Well, finally someone delivered the response that such questions should get, and that someone is Barney Frank.
For those of you who are audio-challenged and reading along at work:
Wackaloon: Why do you continue to support a Nazi policy, as Obama has expressly supported this policy? Why are you supporting it?
Frank: When you ask me that question, I am going to revert to my ethnic heritage and answer your question with a question. On what planet do you spend most of your time? ... Do you want me to answer the question? Yes. As you stand there with a picture of the president defaced to look like Hitler and compare the effort to increase health care to the Nazis, my answer to you is, as I said before, it is a tribute to the First Amendment that this kind of vile, contemptible nonsense is so freely propagated. Ma'am, trying to have a conversation with you would be like trying to argue with a dining room table. I have no interest in doing it.
(Also note the shout of "Hitler didn't start with the Jews" somewhere in the background.)
Let future town hall speakers take that as a lesson: This is the way to deal with those people. Don't waste your time trying to reason with someone who's beyond reason. These people aren't trying to engage you in debate; they don't want their questions answered. They want to stand up and shout, be disruptive, propagate a myth, show off for their fellow wackaloons, maybe get on TV. And when you try to seriously address their questions, you only lend validity to an inflammatory statement that has none--and allow them to monopolize time that could go to someone with a realistic concern.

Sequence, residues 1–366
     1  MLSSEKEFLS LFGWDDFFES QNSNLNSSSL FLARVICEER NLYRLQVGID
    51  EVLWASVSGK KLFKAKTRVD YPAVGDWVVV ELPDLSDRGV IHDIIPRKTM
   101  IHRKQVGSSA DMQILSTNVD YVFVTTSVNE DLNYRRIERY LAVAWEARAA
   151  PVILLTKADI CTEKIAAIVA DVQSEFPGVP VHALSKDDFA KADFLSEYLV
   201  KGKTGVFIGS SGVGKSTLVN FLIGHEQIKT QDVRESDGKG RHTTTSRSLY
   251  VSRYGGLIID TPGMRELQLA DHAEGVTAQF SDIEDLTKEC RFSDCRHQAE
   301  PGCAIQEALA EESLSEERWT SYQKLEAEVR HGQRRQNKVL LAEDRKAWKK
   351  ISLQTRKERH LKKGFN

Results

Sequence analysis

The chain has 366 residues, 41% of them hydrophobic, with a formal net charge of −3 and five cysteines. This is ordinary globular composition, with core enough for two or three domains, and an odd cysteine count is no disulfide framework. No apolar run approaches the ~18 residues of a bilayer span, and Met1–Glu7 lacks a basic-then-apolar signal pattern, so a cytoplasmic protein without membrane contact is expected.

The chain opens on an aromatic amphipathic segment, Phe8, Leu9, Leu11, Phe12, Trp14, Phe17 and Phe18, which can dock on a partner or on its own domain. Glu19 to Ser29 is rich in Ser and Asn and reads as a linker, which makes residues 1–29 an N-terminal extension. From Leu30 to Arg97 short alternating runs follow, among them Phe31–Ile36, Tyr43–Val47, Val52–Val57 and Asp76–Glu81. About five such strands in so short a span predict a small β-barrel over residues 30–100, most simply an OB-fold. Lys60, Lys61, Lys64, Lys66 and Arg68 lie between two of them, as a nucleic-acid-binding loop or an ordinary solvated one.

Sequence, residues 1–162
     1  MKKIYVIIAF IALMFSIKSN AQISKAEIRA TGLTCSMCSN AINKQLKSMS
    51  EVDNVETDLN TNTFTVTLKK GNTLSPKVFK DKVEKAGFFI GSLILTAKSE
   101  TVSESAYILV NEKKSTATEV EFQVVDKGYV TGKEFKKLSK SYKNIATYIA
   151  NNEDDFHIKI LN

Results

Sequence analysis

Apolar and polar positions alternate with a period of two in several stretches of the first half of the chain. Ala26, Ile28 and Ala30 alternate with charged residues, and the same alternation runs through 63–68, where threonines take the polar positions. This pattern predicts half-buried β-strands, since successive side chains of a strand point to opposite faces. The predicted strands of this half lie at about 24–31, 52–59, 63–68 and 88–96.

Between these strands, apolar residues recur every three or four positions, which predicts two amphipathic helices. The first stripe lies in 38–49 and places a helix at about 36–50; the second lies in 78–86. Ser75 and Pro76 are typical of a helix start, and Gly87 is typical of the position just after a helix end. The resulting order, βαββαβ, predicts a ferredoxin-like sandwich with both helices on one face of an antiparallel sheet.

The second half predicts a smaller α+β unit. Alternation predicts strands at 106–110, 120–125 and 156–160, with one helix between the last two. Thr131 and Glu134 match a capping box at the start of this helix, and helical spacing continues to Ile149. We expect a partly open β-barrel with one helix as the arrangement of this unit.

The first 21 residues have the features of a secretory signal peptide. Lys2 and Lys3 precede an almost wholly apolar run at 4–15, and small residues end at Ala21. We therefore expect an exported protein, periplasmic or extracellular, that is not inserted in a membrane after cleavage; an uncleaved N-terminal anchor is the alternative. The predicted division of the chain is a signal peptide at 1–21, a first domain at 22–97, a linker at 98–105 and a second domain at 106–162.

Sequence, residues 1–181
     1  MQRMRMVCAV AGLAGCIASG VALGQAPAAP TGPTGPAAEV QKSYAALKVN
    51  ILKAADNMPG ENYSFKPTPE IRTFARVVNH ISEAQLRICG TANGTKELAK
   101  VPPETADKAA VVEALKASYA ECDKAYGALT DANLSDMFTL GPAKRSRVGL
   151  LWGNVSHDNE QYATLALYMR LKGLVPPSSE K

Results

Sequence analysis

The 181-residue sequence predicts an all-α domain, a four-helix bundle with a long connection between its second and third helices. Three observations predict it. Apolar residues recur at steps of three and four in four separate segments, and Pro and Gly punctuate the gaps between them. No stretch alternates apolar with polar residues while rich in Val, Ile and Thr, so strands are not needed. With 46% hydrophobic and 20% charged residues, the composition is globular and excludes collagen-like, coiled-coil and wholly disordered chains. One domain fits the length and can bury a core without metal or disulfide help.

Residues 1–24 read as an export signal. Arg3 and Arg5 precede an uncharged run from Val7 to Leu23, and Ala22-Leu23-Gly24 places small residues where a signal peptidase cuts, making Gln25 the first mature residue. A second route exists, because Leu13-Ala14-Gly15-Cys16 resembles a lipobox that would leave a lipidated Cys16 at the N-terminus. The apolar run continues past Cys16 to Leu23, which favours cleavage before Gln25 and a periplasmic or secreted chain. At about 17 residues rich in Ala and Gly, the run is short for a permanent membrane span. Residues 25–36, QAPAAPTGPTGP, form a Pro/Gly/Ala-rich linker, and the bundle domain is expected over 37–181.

This is something that has pissed me off about the media for years now. In the interest of "fair and balanced" reporting, they think they're obliged to always give equal time to both sides of the story. Is this a good practice most of the time? Sure. But when one side is presenting a reasoned, reasonable argument and the other is coming from a place of fantasy and nonsense, giving time to that other side is a waste of time and makes something seem valid that clearly is not. If one side is saying, "We're 37th in the world for health care, nearly 47 million Americans are uninsured, and we see universal health care as the best way to address that problem for reasons A and B and C" and the other is saying, for instance, that Obama wants to send government agents into your home to brainwash your children, no. That other side does not deserve equal time. Nor does "Obama wants to kill your grandmother." Or "Obama is another Hitler."
By all means, if someone comes to you with a rational argument, talk with them. Engage in conversation. Give them a platform to make their point. Maybe you'll convince them. Hey, maybe they'll convince you. But when someone comes to you with "Obama is Hitler" or "Obama keeps an enemies list of anyone who logs on to a government Web site, and by the way, he's from Kenya," do not give them a sense of respectability by engaging. The only way to respond to them is the way Barney Frank did--that their baseless, inflammatory comment isn't worth your time or energy.